Restorer Profile: Innovative Marketing Brings New Customers to JTM’s Hot Rod Shop

Oct 17, 2009

Many shops are concerned about a general lack of young, up-and-coming customers entering the hot rod, street rod, muscle car and classic car ranks to replace the current Baby Boomers. Instead of sitting and waiting for the younger crowd to just show up at his shop, John Mays of JTM’s Hot Rod Shop in Corona, California developed a marketing strategy to meet the younger crowd where they are- on social networking Web sites like MySpace, Facebook and Twitter.

“We looked at SEMA demographic data to see who fits into three or four of our niche areas like the 50- to 71-year-old male,” said Mays. “In 2004 and 2005, we saw the age group go down to the 42- to 45-year-olds and we also noticed more and more young kids in their 20s that were really interested in the muscle cars of the ’60s and early ’70s. Here in California, 21- to 23-year-olds, and in certain areas, 23- to 25-year-olds, are very interested in ’68 Chevelles. If you’re going to grow your business, you want to capture all the markets, or at least a good portion of those different demographic markets.”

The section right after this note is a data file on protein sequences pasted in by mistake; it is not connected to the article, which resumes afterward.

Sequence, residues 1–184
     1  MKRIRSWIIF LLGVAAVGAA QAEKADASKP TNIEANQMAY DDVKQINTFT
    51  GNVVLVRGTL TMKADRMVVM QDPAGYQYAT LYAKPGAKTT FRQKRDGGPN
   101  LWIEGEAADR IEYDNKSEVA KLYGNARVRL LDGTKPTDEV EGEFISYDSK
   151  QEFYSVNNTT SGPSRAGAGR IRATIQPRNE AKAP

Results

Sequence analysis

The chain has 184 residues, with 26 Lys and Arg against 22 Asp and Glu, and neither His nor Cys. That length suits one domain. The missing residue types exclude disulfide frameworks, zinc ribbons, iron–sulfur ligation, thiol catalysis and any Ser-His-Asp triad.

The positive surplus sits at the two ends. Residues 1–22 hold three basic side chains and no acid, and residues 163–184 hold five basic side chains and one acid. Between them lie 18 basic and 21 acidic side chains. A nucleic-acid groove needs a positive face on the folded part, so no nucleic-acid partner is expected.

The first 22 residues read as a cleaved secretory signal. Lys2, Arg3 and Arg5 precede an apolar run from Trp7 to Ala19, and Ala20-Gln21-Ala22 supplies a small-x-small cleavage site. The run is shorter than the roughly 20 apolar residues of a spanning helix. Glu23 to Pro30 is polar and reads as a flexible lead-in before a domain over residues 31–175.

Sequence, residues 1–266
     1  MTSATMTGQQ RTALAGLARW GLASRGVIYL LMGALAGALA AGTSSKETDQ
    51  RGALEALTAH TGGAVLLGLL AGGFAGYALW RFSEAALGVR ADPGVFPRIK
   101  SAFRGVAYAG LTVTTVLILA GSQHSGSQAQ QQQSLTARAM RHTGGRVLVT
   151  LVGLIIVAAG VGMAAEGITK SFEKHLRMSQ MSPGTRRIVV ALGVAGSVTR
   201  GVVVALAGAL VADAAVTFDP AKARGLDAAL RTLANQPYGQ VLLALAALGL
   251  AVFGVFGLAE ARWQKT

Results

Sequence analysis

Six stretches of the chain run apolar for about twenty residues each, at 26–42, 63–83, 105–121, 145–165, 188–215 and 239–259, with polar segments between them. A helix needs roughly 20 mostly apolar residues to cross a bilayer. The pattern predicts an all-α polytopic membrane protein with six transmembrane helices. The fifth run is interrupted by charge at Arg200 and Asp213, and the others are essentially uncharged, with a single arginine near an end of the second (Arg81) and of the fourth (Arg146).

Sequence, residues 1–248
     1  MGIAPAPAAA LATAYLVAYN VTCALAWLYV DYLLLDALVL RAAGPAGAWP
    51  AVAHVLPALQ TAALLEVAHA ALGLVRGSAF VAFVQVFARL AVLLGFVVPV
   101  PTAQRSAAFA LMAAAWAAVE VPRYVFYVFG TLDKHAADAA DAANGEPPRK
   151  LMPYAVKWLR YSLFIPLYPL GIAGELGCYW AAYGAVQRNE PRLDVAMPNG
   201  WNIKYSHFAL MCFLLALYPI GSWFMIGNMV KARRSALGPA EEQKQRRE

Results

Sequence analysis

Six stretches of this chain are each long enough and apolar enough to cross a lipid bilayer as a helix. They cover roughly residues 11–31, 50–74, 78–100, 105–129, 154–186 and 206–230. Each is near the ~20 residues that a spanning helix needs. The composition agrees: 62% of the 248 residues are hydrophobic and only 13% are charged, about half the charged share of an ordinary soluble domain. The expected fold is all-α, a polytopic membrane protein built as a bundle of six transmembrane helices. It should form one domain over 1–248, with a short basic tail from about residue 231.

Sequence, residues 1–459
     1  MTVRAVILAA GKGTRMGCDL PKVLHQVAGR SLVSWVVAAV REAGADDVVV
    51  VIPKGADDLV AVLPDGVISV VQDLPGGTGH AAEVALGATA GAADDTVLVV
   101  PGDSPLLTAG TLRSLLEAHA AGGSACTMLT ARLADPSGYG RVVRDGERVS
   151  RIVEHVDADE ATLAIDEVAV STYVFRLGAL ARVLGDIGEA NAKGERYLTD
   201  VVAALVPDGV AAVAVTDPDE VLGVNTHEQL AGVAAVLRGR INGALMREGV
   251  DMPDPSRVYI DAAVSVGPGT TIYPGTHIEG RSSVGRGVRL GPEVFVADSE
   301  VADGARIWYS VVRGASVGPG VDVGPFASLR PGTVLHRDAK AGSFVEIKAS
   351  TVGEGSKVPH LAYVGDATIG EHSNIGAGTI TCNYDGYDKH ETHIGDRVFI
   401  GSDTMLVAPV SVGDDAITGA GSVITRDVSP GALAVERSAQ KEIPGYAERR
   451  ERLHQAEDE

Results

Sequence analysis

While building his traditional customer base in more conventional ways, Mays imagined a different sort of marketing model- one that is just a tad unconventional.

“One of the ways the younger generation communicates now is through social networking Web sites like MySpace, Facebook and Twitter,” added Mays, who employed the help of his 29-year-old nephew in expanding their Internet presence.

“Younger people often have families, so it’s very difficult for them to get into a very expensive hobby, but we wanted to reach out to them where they are communicating.”